We've been playing a couple new games in our house this week, made up games, in order to help a certain (eldest) child consider the feelings of others a bit more than he normally does (ie. hardly ever). I'm not saying he's unkind--just highly motivated, persistent, and focused on how to best achieve his goals. Here's a quick example of how focused and intense he can be.
The other night Rob and I could hear Wylie sobbing in from his bed, shortly after bedtime. Rob went up and spent a few minutes with him, then he said Wylie wanted to talk with me as well. I went up and held him while he cried. (I think the real reason for all of the built up emotion was that Juniper and Kale had been sick all week--resulting in a particularly boring week, with not enough parent or sibling interaction.) However, the thing that sent him into tears is this: "When I'm grown up I'm going to invent a space ship that will travel to other galaxies and take pictures of distant planets. But, it will take so long for the ship to travel there, that by the time it gets there I'll be dead and I'll never know if it worked."
Hmmm. He's right of course. We talked about scientists and how they often do things for the greater good and knowledge of humanity. This didn't really help. He thought maybe he could invent a time machine first. I agreed that would solve his problem. He went to bed mostly happy. We have since begun reading A Wrinkle in Time, and I anticipate an upcoming study of Einstein's Theory of Relativity.
Anyway, its that kind of focus, both intense and emotional, that surrounds most of what he does throughout the day resulting in very little thought towards what other people may need or want. This often leads to Wylie feeling slighted when other people's (particularly Juniper's) needs have to come before his. Which in turn leads him to feel resentful. I'm sure you get the idea. I typically try to stay out of the way of any sibling squabbles, but I have about had it with the recent rise in inconsiderate behavior, and have been unsure just how to handle it.
Until, this weekend when we heard the story "How Full is Your Bucket?" by Tom Rath. Honestly, the book itself was not something I ever would have picked up and it wasn't a great book in most regards--except that it was a really great analogy for understanding and explaining feelings to a kid like Wylie. He got it, and I could tell he did. Those of you who went through the D.A.R.E. training in middle school in the mid 90's may remember your I.L.A.C. (I am Lovable and Capable) demonstrated with a balloon. The bucket is the same idea. The story explains how when your bucket is full you feel great about yourself, and gives examples of some things that may make your bucket more or less full. It also goes on to explain how you can help fill or empty other peoples (even dogs') buckets.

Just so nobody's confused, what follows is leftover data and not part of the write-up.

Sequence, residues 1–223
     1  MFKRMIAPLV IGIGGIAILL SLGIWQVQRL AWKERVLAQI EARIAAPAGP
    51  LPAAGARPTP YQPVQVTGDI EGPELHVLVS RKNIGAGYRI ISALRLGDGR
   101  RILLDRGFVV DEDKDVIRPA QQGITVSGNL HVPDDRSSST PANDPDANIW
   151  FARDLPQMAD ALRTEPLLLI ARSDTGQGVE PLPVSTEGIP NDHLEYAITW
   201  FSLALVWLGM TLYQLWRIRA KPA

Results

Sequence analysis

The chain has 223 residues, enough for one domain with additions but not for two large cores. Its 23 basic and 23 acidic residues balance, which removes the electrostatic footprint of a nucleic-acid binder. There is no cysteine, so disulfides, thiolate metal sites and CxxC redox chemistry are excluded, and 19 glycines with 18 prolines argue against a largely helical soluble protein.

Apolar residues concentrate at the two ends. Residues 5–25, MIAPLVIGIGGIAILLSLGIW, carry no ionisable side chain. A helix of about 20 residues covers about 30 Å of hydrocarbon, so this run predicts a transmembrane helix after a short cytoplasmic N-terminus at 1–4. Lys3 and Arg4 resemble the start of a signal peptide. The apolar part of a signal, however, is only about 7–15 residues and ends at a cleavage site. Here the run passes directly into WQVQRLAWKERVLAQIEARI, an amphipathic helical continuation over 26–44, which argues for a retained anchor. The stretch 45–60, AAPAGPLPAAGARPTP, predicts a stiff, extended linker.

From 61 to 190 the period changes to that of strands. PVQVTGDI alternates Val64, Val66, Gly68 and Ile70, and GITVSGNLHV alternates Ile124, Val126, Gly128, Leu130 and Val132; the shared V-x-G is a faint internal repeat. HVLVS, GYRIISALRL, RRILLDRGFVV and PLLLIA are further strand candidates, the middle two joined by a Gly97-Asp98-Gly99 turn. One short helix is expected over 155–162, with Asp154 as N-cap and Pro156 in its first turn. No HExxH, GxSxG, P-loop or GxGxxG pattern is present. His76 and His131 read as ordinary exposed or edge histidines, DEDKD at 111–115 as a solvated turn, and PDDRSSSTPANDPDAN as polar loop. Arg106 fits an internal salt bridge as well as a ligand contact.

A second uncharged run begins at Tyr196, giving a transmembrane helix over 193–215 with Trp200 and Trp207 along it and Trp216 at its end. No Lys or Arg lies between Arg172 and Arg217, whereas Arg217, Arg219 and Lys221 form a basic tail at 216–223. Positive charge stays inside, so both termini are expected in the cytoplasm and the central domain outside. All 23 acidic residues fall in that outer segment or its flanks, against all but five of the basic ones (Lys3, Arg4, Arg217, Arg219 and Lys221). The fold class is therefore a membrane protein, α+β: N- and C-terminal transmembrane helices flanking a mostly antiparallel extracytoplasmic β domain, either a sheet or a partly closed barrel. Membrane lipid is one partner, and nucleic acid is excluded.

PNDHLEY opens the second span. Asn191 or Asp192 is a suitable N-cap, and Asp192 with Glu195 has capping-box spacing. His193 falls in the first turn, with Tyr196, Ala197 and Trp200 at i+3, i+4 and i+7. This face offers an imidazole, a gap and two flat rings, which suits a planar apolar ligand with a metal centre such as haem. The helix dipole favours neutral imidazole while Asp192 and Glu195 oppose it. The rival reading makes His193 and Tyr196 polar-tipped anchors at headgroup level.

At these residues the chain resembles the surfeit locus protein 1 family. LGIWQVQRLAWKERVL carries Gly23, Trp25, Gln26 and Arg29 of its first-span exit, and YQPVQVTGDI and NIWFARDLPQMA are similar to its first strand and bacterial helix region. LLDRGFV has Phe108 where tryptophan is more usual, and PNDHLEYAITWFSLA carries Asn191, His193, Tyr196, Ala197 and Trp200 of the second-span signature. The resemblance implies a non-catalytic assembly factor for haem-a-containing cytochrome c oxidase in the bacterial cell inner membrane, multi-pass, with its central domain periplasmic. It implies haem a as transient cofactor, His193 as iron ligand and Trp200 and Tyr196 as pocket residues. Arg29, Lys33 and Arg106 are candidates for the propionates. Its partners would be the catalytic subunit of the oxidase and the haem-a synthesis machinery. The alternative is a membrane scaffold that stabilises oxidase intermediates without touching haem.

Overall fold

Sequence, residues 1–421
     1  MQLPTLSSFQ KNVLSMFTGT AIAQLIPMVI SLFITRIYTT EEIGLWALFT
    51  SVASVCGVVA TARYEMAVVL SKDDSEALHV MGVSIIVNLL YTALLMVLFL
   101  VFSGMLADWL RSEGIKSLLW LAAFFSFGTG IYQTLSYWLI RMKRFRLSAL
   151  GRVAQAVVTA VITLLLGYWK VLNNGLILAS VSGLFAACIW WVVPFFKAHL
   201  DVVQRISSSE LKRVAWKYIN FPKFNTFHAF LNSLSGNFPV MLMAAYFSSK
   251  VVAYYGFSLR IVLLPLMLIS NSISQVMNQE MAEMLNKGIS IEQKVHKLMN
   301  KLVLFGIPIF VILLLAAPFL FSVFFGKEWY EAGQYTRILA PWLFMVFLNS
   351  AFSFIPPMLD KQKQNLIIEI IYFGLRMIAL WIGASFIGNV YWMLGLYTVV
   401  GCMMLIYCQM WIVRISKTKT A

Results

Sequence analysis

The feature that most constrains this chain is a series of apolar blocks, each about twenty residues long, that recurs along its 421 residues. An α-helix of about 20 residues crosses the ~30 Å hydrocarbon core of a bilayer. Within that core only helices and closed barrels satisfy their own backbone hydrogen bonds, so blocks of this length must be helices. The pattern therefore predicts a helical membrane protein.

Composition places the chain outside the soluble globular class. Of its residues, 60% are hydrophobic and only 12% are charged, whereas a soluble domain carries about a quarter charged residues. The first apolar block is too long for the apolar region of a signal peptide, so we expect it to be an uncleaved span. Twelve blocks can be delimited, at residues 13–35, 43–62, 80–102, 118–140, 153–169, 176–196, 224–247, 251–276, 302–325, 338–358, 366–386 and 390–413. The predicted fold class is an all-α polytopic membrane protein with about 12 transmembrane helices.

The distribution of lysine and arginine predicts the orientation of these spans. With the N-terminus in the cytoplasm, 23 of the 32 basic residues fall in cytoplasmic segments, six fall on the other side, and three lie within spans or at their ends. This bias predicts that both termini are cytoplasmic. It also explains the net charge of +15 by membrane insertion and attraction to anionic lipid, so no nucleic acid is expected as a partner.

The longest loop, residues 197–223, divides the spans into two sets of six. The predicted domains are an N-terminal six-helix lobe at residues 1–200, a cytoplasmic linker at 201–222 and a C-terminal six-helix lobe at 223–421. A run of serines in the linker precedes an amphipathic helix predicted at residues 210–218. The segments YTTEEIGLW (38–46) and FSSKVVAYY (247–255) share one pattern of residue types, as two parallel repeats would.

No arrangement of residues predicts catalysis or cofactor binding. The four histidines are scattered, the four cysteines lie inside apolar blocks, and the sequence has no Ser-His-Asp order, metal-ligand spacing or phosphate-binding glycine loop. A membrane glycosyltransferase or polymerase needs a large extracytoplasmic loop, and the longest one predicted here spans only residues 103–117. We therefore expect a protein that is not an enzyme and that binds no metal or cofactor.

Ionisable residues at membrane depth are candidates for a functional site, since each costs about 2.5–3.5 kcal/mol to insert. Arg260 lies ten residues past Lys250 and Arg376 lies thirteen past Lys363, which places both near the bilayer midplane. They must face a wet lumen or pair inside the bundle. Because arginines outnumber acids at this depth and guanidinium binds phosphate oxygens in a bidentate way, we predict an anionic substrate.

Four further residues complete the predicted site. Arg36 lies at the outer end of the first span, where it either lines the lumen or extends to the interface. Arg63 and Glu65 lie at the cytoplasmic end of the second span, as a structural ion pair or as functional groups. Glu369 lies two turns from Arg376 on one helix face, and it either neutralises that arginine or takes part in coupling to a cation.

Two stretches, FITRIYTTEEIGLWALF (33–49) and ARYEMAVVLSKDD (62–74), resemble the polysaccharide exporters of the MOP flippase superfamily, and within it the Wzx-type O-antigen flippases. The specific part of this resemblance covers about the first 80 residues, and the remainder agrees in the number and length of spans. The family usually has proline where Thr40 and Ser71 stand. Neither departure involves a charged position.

Hence, the Bucket Check. At random intervals throughout the day I, or any one else, can call a "Bucket Check". Then, everyone shares the status of their bucket. If someone's bucket is not full we all try to see what we can do that will help fill it. When we're all full, an acorn goes into the jar on the counter. When the jar is full we get to go do something super fun. Honestly I don't like the last part of the game, but in order to get the game going Wylie needed a little external motivation. We've only played this game for a day, so I may be over estimating its success. But, both kids seem to understand the concept and Wylie has been able to figure out some nice ways to help fill Juniper's bucket. It is interesting how often both kids wanted to offer chocolate as a way to fill the other's bucket. Hmmm. Anyway, so far so good.
The other game is one we call "What About Me?" This is where one of us makes up a scenario (the crazier the better) and the other person has to say how they would feel in that situation, and how it would in turn make others feel. (ie. if Juniper ate the entire 5lb. box of frozen blueberries how would she feel? How would Wylie feel if he watched her do it? How would Mama feel when she heard Juniper did that? How would Kale feel? ). This gets pretty silly, but I think it is good practice in imaging how our actions impact others, and also at understanding particular people and how they are likely to respond. I can see some role playing happening with this game in the future.
I realize for many families these games would be ridiculous and unnecessary. But, I think there must be others out there with kids who need a little practice in the empathy department. I'm not sure if these will make much of a difference in the long run, but I figure it can't hurt anyway.